I think "Tôi không có tên họ" is a better translation.
I think they are equally good. Vietnamese two syllable words have often one syllable version. Like "vui vẻ" => "vui".
Colloquailly people prefers one syllable version because they're shorter and the media tends to prefer the longer version.
That's true, but I'm pretty sure 'tên họ' is the correct translation of family/last name. I'm not 100% because I'm a Việt kiều but I don't think 'họ' by itself, refers to family/last name. I myself have only ever used 'tên họ'.
Burmese don't have family name
Doesn't this also mean, 'I don't have them'?
That construction is awkward in Vietnamese for that meaning. You're much more likely to hear "They're not here", "I don't see them anywhere", "I could not catch them", or "they have escaped".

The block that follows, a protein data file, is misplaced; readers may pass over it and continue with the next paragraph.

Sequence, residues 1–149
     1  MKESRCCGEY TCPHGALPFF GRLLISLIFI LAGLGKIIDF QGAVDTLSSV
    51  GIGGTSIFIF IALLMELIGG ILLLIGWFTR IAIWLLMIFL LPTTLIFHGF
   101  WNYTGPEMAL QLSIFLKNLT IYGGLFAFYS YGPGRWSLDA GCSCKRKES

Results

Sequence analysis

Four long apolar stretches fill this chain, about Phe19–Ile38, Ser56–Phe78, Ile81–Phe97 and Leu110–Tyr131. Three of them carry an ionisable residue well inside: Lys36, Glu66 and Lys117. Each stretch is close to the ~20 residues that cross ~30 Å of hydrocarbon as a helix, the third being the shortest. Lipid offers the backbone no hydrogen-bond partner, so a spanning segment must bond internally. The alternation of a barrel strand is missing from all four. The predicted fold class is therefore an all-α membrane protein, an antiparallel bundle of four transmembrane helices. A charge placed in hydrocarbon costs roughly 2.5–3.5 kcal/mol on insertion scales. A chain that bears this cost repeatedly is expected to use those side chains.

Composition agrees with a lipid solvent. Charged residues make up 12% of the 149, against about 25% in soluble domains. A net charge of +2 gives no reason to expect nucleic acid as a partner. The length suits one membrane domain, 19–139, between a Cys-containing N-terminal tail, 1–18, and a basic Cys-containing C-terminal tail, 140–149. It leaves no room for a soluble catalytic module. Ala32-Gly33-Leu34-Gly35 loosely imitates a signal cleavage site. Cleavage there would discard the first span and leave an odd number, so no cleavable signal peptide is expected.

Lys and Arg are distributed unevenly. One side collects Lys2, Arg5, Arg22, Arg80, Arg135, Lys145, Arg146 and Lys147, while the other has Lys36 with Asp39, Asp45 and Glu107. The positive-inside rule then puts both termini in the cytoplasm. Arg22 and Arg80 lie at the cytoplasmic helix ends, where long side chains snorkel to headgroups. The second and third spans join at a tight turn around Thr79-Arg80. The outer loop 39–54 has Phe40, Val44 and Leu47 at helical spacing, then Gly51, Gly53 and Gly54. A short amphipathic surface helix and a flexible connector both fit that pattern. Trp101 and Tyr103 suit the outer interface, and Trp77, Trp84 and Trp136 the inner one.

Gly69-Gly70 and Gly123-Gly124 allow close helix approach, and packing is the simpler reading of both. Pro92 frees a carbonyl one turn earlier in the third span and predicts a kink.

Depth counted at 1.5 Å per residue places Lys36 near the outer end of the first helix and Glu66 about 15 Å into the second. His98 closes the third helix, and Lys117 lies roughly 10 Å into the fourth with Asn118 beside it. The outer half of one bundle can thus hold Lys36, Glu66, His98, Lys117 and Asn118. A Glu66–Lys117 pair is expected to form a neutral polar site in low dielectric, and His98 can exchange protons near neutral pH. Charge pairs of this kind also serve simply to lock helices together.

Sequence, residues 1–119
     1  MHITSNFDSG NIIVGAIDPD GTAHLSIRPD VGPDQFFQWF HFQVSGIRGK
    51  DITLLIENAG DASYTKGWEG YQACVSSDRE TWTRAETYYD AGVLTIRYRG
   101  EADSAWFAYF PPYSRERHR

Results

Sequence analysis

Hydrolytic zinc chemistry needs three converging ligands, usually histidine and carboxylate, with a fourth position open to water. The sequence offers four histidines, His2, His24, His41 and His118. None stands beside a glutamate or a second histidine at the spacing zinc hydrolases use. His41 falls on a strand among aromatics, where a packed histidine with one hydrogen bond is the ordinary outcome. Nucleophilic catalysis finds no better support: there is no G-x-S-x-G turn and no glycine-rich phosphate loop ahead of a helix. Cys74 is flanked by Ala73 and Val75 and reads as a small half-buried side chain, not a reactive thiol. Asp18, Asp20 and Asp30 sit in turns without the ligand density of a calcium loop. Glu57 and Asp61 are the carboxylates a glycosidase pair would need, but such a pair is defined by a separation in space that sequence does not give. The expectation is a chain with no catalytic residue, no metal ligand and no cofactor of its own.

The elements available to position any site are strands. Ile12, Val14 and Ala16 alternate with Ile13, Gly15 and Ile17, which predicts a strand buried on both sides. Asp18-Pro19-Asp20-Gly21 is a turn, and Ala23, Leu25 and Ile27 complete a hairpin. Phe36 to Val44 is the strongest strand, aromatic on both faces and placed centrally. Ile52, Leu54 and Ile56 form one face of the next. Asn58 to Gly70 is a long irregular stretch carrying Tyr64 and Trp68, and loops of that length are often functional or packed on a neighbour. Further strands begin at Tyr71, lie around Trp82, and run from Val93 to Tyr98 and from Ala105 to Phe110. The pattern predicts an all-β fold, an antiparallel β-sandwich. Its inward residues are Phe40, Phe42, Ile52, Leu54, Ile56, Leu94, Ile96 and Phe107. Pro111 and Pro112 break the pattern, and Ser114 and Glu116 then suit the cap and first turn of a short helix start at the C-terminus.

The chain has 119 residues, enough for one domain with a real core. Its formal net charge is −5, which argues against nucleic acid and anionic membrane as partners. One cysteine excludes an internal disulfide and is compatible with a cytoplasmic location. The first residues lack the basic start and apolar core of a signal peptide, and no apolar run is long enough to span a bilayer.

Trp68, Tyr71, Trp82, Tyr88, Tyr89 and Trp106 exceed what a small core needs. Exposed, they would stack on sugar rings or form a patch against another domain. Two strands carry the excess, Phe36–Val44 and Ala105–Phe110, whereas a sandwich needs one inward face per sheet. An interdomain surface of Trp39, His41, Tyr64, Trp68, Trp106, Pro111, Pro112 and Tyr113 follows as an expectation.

Some children don't have parents (because they don't know who their parents are) => they say: "I don't have family names."
I put in "Tôi không có một họ tên".
Why no 'một'? Why is "tên" not used?
As we are not specifying a concrete surname, một is not necessary (I dont know if it would be correct).
In English we could use also "I do not have family name". I believe that is correct (I'm not a native speaker)
In English, you still need the article for family name. Usually "a", but the could work if there's a specific name that's important in this context.